Therefore in the scriptures there are mention of at least four principal kinds of nirvana or liberation. First is the natural nirvana that refers to the emptiness of the mind. In fact this is the basis or ground that allows, makes it possible, for our minds to become free. The remaining three are the nirvana with residue, the nirvana without residue and the non-abiding nirvana.
This notion of equality between samsara and nirvana has been developed in the Sakya explanation of emptiness where they talk about the equality of samsara and nirvana even in relation to aggregate objects like pots and so on. Although the real meaning of the equality of samsara and nirvana has to be based an understanding of the nature of the mind.
Within the Twelve Links of Dependent Origination, the key is understanding the difference between fundamental ignorance and the rest of the cycle. There is a causal relationship present as if fundamental ignorance is eliminated, the whole cycle comes to an end. When teaching the Twelve Links of Dependent Origination in the sutras, the Buddha made three very important statements. First was that because this exists, that exists. The point he made here is that for anything to have the potential for causation of another, it must be existent.
The second statement is that because this came into being the other comes into being. The point made here is that existence alone is not adequate. What is required is that the very thing which causes something, it itself must be caused by something else. Nothing that is not caused can have the potential to cause something else. The point is that these are transient phenomena.
The third statement is that because fundamental ignorance exists, karmic factors also came into being. The point made here is that in order for something to produce something else, existence alone is not adequate as it also needs to be an impermanent phenomena. But impermanence itself is not adequate; there needs to be commensurability between the cause and effect. For instance in the case of cyclic existence, there is a co-relation between the fundamental ignorance and the samsaric unenlightened state. Because samsaric existence is undesirable, its cause that is the fundamental ignorance, is also something that is undesirable. The point Buddha makes here is that although everyone has the natural instinct to seek happiness, out of ignorance one creates the causes and conditions for one’s own suffering. It is this ignorance which lies at the root of one’s imprisonment or samsara.
Commenting on these three crucial statements from the sutra, Asanga makes the observation in his Abhidharmasamuccaya (The Compendium of Knowledge) that this refers to the three conditions. Asanga makes the point in the first condition that unlike other religious traditions, in the Buddhist context creation has to be understood within the context of cause and effect, not due to some transcendent being’s divine power.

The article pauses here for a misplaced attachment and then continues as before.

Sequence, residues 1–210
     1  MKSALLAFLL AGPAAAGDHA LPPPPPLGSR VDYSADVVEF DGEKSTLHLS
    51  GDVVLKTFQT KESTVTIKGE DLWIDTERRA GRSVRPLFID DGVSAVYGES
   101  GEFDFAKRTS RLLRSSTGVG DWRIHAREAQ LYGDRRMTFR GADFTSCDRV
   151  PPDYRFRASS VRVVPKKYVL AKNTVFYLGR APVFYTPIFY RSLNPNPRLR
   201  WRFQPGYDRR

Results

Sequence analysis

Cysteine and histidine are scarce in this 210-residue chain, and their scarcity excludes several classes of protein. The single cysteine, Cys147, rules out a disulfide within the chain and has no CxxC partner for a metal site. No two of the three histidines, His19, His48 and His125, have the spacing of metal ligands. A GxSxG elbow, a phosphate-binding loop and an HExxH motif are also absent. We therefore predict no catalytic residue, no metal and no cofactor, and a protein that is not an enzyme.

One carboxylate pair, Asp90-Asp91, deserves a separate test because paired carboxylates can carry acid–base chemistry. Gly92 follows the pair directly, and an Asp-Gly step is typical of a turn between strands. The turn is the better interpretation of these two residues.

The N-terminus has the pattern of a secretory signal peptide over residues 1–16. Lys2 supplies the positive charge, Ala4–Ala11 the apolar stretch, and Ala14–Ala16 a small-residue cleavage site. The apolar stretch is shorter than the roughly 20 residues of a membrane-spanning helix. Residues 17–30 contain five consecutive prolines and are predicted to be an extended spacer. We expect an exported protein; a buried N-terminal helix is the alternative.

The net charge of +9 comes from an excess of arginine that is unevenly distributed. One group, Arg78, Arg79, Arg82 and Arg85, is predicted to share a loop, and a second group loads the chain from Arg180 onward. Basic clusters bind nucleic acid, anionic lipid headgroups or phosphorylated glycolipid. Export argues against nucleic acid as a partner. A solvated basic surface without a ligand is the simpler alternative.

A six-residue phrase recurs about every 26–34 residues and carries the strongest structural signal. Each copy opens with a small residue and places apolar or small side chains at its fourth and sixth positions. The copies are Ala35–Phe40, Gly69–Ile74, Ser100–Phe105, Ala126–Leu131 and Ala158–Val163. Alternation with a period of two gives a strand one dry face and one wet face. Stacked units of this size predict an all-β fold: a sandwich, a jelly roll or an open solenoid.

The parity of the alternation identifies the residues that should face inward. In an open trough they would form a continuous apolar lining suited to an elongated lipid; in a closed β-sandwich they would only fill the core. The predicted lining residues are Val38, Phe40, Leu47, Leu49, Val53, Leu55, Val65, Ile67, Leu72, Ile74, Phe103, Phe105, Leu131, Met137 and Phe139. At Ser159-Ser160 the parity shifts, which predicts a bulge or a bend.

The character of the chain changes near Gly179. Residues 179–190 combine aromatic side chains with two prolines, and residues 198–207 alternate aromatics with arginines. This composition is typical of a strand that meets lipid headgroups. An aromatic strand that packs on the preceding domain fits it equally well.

By emphasizing the second condition which is the fact that cause itself is an impermanent phenomena, Asanga states that the Buddha is in some sense rejecting the assertion of other religious traditions whereby a claim is made that the whole physical world comes into being as the result of creation from a permanent cause. For example in Samkhya philosophy, primal substance that is itself said to be permanent is seen as the cause of the entire universe. This is what is being rejected.
Therefore this whole causation chain needs to be understood from these perspectives. The twelve links themselves are then categorized under three classes; delusions, karma and suffering the effects. These teachings on the Twelve Links of Dependent Origination are very succinctly captured in The Sacred Words of Manjushri by the Fifth Dalai Lama.
The Fifth Dalai Lama states in the example of a karmic cycle of taking rebirth in a favorable state of existence, like a human being, the initial fundamental ignorance, which is at the root of this rebirth, is the first factor, the first chain of the twelve links. This motivates or gives rise to action, which in the case of a human rebirth, would be a virtuous action. This is the second chain of the twelve links, a volitional, karmic act that arises from the motivating ignorance.
The third chain, consciousness, is divided into a causal path and the resultant path. The causal path is the consciousness that was simultaneous to the actual karmic act. The first part of the third chain is said to be the propelling causes, the initial causes that really give the thrust that propels the karmic action into a causal process. Fundamental ignorance is said to be the causal motivating factor and then there are certain types of ignorance that are said to be simultaneous to the actual actions. These are for example ignorance of the laws of cause and effect and so on. Such ignorance will lead to inferior rebirth in the cycle of existence.